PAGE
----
"The Seeking Community is organizing around three themes: enjoy each other, care for one another, and work together for a better world. To enjoy each other is build the social capital and resilience between us. The premise of social capital is that resilient relationships are the glue that binds us. If we know each other well enough and enjoy each other’s company, we will be more likely to look out for one another and care about their well-being.

When mutual acts of caring happen, you will most often find a deep sense of belonging. There seems to be a connection between giving and receiving, caring and feeling cared for. Jeremy Rifkin’s book The Empathic Civilization has inspired us greatly. As humans, our ability to share in another’s plight connects us. Empathy is innate and natural.

To combat our fear, we can simply gather with others to first make sense of the worry and secondly, to work together to improve the condition. However, we do not want to organize against others and to allow our fear to drive our response. Instead, we want to unite our altruistic intentions, a process we call collective altruism to better the conditions around us. The joy of working together for a better world in this way opens us not only to others but to each other.

We all have many communities in our lives and that we have a choice about how deep or shallow our experiences of community are. Living in a neighbourhood means you live in a community. Waving to your neighbour as you drive into your garage may be all the community you want—this is a shallow experience. On the other hand, inviting your neighbours to join together with you and each other in friendship is a deeper experience. Community, I say, is not an option, but the experience you choose is."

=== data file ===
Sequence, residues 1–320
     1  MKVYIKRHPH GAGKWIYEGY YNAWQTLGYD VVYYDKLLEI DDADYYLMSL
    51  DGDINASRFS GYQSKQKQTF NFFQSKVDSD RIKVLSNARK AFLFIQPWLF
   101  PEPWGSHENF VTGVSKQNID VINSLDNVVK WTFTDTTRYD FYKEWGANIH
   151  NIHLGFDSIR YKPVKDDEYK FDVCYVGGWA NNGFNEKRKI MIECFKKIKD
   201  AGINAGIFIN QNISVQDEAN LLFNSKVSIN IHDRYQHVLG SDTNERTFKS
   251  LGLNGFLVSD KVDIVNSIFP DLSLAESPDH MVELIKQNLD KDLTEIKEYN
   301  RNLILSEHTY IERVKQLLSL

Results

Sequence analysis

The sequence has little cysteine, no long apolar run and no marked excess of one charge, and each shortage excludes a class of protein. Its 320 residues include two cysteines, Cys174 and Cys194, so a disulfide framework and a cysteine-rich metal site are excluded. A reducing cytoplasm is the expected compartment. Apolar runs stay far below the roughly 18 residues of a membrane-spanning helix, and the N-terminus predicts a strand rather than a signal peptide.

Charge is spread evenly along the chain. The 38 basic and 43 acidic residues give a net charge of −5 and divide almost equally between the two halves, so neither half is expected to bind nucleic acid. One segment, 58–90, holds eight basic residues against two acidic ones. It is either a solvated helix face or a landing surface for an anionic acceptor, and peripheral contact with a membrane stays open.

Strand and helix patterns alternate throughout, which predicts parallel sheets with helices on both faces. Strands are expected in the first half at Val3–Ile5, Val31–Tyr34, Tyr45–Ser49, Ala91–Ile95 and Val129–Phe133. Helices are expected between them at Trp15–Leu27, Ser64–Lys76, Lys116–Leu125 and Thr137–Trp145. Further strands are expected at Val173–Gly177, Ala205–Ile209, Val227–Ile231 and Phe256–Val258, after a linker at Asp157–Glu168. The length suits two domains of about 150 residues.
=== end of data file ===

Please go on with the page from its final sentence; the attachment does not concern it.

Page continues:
Tuesday, June 4, 2013

Community Wisdom

By Karin Iona Sundberg

Community Wisdom Lesson 1: Deepen connections with others. In community there is more at stake and more opportunity to come together to resolve challenges. Utilize the potential to learn from one another; emphasize the importance of kind honesty and keeping resentments clear. Experiment with group dynamics.

Community Wisdom Lesson 2: Deepen connection with spirit. Learn from the wisdom of indigenous cultures; use rhythmic celebrations to infuse the community with a sense of the sacred within everyday life. Have fun together.

Community Wisdom Lesson 3: Deepen our connection with place; commit to knowing it well. Watch the seasons unfold; tune in to the beauty of nature. Notice how the place where you are (family, work, neighborhood, community) shapes and grows you—that you are “of” a place—and how this elicits an innate responsibility, a sense of stewardship.